- Any planning experts in? Not sure whether to take no for an answer…
Well I think you misunderstand my post entirely. Note I said this:
I think they like to try and talk/intimidate you out of doing it when maybe you might well be within the rules, its just they don’t like the idea..
We used an architect and planning consultant, spent about £700 in total. Our planning consultant is ex council planning so knew all the tricks.
Hence the tricks I was referring to, were knowing what the sneaky chaps in planning would do to try and stop you from doing what planning law says you are legally allowed to do. In my case the planners tried to intimidate my architects into backing down, but they, and our planning advisor, know what is legally permissable and had designed the plans to be legally permissable. So we did not budge and in the end the planning was approved without any change.
Secondly I am entirely unconvinced that a tasteful extension next door will devalue your home. Any verifiable evidence? I am also unconvinced that it is right and fair that you should be able to prevent someone from making alteration to make their home better, because of some unfounded view that it will de-value your home. The value of a home is in what it is like to live in. Which applies equally to both parties.Posted 3 years ago29erKeithMember
If you’ve got the funds and the tenacity to fight and fight you can get what you want.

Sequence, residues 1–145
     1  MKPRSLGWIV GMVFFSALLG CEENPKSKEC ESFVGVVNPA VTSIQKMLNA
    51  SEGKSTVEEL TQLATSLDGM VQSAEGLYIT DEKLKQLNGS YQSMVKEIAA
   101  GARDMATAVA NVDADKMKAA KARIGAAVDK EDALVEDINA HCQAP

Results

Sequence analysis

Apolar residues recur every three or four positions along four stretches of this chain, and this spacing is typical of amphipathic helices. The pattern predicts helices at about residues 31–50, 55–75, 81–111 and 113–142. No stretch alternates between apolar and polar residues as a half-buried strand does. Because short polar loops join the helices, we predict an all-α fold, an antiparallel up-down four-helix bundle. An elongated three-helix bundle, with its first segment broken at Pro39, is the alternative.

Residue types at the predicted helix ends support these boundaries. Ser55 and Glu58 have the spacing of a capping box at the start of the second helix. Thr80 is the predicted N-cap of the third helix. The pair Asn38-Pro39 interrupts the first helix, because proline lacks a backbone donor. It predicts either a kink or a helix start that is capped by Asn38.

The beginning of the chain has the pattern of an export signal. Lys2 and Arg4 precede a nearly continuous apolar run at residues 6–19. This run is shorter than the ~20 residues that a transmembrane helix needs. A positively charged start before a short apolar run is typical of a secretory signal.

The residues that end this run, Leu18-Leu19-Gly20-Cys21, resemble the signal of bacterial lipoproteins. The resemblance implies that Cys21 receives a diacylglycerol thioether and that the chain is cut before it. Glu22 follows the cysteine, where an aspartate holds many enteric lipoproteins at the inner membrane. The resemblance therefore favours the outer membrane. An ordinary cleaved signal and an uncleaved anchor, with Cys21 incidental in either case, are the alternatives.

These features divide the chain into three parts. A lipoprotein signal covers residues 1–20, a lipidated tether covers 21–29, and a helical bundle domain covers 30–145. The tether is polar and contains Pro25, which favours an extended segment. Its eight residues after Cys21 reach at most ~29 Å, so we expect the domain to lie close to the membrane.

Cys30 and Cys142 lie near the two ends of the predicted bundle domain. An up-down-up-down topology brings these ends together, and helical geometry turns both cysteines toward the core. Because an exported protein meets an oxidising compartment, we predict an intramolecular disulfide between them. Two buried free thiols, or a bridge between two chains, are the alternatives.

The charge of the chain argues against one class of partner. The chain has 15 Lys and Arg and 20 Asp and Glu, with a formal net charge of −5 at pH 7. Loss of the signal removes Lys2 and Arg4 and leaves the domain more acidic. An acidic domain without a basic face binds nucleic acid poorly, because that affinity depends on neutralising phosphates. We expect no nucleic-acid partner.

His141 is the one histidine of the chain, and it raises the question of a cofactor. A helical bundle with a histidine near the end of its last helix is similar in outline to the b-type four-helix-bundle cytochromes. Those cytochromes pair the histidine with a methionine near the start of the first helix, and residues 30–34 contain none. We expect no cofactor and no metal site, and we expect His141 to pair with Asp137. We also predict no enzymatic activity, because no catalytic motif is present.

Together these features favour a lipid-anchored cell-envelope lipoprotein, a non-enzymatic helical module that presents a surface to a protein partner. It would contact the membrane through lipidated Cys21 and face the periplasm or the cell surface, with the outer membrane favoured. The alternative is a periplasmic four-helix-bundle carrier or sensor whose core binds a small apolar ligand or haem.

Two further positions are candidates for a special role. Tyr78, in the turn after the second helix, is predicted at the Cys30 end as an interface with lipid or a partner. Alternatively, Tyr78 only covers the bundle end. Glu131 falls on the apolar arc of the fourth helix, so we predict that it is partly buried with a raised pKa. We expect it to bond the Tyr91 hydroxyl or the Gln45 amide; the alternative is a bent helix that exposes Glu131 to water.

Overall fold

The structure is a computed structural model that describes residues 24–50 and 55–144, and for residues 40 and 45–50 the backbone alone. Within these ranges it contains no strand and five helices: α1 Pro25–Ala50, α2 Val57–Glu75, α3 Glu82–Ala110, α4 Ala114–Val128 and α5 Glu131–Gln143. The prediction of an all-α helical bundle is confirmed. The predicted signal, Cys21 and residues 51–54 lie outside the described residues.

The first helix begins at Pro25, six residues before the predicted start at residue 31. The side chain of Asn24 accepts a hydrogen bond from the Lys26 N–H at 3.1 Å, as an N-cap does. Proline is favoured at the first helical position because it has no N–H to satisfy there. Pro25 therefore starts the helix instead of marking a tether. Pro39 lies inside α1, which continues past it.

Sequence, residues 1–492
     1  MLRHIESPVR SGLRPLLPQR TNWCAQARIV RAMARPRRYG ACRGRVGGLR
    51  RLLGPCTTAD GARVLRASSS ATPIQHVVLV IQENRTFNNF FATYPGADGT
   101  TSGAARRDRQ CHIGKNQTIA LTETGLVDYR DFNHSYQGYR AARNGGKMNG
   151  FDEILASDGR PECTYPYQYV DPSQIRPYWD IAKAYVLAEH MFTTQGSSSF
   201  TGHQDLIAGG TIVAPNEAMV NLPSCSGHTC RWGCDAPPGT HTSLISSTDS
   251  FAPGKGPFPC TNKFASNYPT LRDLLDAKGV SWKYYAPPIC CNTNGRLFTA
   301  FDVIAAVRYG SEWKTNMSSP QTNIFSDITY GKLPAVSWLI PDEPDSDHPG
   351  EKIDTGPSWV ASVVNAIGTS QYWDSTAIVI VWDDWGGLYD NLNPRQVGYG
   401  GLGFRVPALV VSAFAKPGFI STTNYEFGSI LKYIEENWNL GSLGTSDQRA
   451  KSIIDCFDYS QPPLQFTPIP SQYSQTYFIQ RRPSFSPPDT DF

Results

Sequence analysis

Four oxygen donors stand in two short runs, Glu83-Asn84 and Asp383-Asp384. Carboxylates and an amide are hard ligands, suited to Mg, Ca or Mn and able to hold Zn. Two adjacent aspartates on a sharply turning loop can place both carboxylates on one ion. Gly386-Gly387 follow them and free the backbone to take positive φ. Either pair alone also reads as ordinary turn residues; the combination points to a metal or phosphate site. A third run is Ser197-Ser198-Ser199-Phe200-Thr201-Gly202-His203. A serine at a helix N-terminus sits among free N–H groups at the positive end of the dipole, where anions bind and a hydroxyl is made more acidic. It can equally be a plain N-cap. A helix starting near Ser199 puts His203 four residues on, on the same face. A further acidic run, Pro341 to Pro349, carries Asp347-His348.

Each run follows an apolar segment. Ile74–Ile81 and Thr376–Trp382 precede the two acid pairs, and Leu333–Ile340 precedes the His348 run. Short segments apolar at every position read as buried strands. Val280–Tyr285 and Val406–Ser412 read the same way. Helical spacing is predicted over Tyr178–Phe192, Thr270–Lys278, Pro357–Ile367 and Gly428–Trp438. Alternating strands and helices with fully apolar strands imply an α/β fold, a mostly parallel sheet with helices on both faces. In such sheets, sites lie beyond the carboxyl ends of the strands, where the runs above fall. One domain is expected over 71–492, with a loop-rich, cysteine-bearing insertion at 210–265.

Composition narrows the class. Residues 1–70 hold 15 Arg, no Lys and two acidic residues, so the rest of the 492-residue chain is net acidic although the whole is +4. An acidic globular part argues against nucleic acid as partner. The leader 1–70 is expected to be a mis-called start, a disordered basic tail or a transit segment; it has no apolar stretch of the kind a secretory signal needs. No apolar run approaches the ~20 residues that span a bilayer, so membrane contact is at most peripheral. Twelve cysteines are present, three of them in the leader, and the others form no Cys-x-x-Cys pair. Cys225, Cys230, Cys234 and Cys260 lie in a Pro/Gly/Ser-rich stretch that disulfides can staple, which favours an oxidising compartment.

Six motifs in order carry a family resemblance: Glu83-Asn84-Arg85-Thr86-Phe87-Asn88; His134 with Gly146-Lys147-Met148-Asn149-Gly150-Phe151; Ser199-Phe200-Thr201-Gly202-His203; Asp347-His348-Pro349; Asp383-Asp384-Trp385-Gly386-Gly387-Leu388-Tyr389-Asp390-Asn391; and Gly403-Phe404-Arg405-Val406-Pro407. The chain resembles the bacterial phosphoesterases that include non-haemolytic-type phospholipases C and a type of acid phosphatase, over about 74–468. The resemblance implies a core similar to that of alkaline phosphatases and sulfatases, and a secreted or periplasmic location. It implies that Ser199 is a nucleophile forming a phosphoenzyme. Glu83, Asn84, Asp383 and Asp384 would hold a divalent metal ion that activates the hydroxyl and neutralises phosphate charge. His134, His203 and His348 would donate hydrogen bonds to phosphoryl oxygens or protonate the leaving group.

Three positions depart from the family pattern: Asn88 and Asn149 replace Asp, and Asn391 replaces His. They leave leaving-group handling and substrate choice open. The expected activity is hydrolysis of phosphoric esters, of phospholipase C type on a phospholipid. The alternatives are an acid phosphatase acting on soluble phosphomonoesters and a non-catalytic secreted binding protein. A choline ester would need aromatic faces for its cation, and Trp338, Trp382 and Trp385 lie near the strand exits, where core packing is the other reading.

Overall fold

national park here with “strict” rules on extensions and redevelopments, designed to stop rich people coming in a turning every building into a mansions therefore protecting housing for normal folk from the area, good idea with good intentions.
A few years back a guy bought a 2/3 bed bungalow with a bit of land, it’s now valued at about £2,000,000, he fought and fought and fought, threw money and lawyers at the problem and the national park\council gave up because it couldn’t afford to fight him any more.
if that’s not you then sound like it’s unlikely imhoPosted 3 years ago
Secondly I am entirely unconvinced that a tasteful extension next door will devalue your home. Any verifiable evidence? I am also unconvinced that it is right and fair that you should be able to prevent someone from making alteration to make their home better, because of some unfounded view that it will de-value your home. The value of a home is in what it is like to live in. Which applies equally to both parties.
Try selling your house when someone next door is doing this kind of work and you will see it devalue in front of your eyes.
It doesn’t necessarily have to be something that offends the current householder – if potential buyers are put off or emboldened to haggle harder then the effect will be immediate, and quantifiable. To pretend that it is otherwise is just wishful thinking I’m afraid.Posted 3 years agob rMember
It doesn’t necessarily have to be something that offends the current householder – if potential buyers are put off or emboldened to haggle harder then the effect will be immediate, and quantifiable. To pretend that it is otherwise is just wishful thinking I’m afraid.
When we lived in Germany I remember chatting to someone about planning and the like, the key thing there was permission and building regs; what it looked like was pretty irrelevant – as they say, the owner has to live there, look at it, and ‘account’ for their investment. And taste is an individual thing.